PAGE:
In addition, there does not appear to be any reason why all three civil remedies should not share the same test for standing: was the plaintiff a subject of the forbidden surveillance. This would reduce the number of persons who can bring a suit, but should not affect the likelihood of a prompt court test. Limiting standing to subjects of the surveillance also would reduce the risk of a court decision holding that the "reason to believe" test violates Article III of the Constitution by granting standing to one who does not have the requisite “personal stake" to raise a justiciable “case or controversy.” An alternative provision might read:

"Any individual or organization that has been the subject of data-collection activities prohibited by title 18, United States Code, may bring a class action pursuant to Rule 23, Federal Rules of Civil Procedure to enjoin the planning or implementation of the prohibited data collection activities and to assure the destruction of any unauthorized records."

Jurisdictional Amount

An additional section should be included in the bill to guarantee that no jurisdictional amount shall be required in order to initiate in federal court pursuant to sections 2691 and 2692.

CORRESPONDENCE

Hon. JAMES O. EASTLAND,

DEPARTMENT OF JUSTICE, Washington, D.C., April 16, 1974.

Chairman, Committee on the Judiciary, U.S. Senate,
Washington, D.C.

DEAR MR. CHAIRMAN: This is in response to your request for the views of the Department of Justice on S. 2318, the proposed "Freedom from Surveillance Act of 1973."

The legislation would add a new section to title 18, United States Code, prohibiting the use of the Armed Forces of the United States or the militia of any State to investigate or maintain surveillance over the beliefs, associations, or political activities of any person except in connection with certain specific responsibilities of the Armed Forces. It would amend title 28, United States Code, to authorize individuals to bring injunctive and damage actions and to permit class actions to enjoin such activities. It would also amend the Posse Comitatus Act, 18 U.S.C. 1385, to extend that Act to all of the Armed Forces, including the Coast Guard.

It might be noted, that section 2 would not permit the use of the Armed Forces to maintain surveillance when the Armed Forces are being used to assist the Secret Service in protecting the President, Vice-President and foreign visitors pursuant to Public Law 90-331, since this function is not included among the exceptions to the basic prohibition.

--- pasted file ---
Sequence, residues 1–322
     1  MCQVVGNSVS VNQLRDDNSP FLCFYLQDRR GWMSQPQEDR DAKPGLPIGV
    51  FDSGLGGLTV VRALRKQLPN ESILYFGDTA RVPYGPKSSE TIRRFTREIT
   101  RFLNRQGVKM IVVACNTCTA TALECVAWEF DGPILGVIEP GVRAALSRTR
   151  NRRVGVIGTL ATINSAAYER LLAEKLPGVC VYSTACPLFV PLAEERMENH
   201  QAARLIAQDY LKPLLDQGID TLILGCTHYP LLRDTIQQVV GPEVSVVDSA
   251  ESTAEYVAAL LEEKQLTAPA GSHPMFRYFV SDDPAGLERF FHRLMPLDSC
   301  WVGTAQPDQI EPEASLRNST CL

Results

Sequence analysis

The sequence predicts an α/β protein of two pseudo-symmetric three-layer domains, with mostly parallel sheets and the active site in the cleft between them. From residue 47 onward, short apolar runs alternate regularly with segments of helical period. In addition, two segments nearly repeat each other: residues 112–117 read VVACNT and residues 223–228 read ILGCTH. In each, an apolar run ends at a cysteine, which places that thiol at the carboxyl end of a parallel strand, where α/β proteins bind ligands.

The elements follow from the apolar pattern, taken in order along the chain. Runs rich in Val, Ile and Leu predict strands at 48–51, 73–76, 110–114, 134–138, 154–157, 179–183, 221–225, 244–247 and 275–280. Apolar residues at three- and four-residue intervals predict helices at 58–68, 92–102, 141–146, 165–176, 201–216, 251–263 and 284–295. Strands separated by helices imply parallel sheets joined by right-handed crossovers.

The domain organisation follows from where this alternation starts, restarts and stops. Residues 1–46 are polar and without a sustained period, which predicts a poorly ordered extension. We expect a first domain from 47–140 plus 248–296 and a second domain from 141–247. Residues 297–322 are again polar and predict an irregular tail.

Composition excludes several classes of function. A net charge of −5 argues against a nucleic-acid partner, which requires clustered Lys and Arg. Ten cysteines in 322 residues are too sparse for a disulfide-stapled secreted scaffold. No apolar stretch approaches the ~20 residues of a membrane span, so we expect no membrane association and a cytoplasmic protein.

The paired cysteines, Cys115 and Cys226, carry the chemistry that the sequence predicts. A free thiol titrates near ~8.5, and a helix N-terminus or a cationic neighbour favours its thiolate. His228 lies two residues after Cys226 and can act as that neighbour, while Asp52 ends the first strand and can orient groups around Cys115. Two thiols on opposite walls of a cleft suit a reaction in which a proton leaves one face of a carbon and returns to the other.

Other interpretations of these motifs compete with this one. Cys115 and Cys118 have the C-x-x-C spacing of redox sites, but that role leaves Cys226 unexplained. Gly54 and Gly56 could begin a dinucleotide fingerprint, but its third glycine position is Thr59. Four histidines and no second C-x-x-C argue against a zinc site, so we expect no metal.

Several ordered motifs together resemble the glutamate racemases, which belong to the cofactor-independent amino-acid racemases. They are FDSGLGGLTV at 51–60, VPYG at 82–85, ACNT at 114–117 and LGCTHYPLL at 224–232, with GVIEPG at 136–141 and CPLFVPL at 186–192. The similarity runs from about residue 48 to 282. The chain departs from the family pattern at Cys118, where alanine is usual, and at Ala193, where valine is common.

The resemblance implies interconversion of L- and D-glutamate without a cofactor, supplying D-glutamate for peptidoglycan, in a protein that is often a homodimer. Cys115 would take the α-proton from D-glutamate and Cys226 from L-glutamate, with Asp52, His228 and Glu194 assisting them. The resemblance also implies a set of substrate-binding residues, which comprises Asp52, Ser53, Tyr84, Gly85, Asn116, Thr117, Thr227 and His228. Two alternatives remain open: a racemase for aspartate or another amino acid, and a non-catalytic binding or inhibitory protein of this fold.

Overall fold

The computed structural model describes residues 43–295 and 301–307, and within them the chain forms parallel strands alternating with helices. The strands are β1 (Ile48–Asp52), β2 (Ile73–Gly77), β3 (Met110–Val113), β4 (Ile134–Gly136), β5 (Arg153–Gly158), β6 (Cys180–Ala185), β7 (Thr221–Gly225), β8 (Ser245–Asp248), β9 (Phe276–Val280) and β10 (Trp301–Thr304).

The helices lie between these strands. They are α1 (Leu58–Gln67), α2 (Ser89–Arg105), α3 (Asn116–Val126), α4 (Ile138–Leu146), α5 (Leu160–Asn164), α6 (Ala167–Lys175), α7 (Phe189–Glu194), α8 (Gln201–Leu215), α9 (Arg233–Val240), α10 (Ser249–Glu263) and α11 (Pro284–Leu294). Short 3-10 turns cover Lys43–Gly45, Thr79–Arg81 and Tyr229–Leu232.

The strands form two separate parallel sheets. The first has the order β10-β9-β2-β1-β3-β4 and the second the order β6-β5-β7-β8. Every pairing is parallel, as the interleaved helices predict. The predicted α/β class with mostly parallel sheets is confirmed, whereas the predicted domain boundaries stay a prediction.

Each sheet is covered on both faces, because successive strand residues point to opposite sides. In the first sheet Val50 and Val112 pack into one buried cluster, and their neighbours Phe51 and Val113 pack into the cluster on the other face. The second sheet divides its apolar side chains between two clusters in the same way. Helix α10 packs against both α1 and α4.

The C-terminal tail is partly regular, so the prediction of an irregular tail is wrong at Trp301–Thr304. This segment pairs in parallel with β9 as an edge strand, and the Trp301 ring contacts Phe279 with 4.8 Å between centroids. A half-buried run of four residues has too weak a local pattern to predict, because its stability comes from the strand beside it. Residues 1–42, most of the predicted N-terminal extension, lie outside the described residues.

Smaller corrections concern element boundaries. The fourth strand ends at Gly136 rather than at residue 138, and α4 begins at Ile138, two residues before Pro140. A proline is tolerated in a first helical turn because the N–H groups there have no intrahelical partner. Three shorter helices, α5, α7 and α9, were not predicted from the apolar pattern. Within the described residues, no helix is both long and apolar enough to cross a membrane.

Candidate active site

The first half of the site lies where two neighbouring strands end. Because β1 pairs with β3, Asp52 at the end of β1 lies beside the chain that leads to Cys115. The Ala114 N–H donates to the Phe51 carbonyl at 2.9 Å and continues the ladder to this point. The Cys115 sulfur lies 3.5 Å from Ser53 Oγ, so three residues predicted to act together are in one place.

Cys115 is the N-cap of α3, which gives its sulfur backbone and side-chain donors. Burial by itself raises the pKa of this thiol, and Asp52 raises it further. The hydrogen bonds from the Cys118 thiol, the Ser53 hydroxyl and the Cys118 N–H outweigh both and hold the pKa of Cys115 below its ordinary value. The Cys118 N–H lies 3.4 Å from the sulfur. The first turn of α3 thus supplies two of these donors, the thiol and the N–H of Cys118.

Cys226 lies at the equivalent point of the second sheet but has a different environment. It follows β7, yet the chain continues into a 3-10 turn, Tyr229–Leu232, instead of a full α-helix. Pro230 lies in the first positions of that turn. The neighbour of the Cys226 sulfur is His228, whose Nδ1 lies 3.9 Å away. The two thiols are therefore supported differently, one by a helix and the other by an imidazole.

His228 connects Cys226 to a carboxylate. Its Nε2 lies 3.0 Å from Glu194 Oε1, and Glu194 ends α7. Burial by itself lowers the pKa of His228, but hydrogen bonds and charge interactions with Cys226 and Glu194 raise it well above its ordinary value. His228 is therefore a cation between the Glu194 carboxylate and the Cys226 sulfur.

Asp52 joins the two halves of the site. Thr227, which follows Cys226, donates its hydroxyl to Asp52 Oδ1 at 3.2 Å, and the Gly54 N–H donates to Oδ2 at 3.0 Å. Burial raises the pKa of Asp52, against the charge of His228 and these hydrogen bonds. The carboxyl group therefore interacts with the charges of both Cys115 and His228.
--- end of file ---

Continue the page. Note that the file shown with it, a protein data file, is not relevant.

In addition to the criminal penalties imposed by section 2, section 3 of the bill would authorize civil suits both for injunctions and damages. The Department of Justice opposes this provision as authorizing unnecessary and possibly harassing litigation. Even in those instances when section 2 would permit maintenance of surveillance, it is likely that suits would be filed under section 3 testing the authorization in each instance.

Section 5 would extend the Posse Comitatus Act, which presently refers only to the Army and Air Force, to all of the Armed Forces. "Armed Forces" is defined to include the Coast Guard as well as the traditional military branches. This would, in effect, prohibit the Coast Guard from carrying out its historic law enforcement duties. See 14 U.S.C. 89. We have no objection to including the other Armed Forces but suggest that the Coast Guard be expressly excluded from the Posse Comitatus Act.

For the foregoing reasons, the Department of Justice opposes the enactment of S. 2318.

The Office of Management and Budget advises that there is no objection to the submission of this report from the standpoint of the Administration's program.

Sincerely,

W. VINCENT RAKESTRAW,
Assistant Attorney General.

Hon. MELVIN R. LAIRD,

SENATE SUBCOMMITTEE ON CONSTITUTIONAL RIGHTS,
Washington, D.C., April 6, 1972.

Secretary of Defense, Department of Defense,
The Pentagon, Washington, D.C.

DEAR MR. SECRETARY: The Subcommittee has received complaints that active duty members of the Marine Corps stationed in Quantico, Virginia, have been assigned to assist local law enforcement in apprehending civilians suspected of violating narcotics laws in Prince William County.

Would you advise me under what conditions Marines can be assigned to investigative and undercover work for the enforcement of federal and state criminal laws? Would you also advise me as to the extent to which members of the Army, Navy and Air Force may be assigned to such duties?

It would be especially helpful to receive copies of the regulations for each of the Services governing this matter.

Sincerely yours,

SAM J. ERVIN, Jr.,

Chairman.

« PreviousContinue »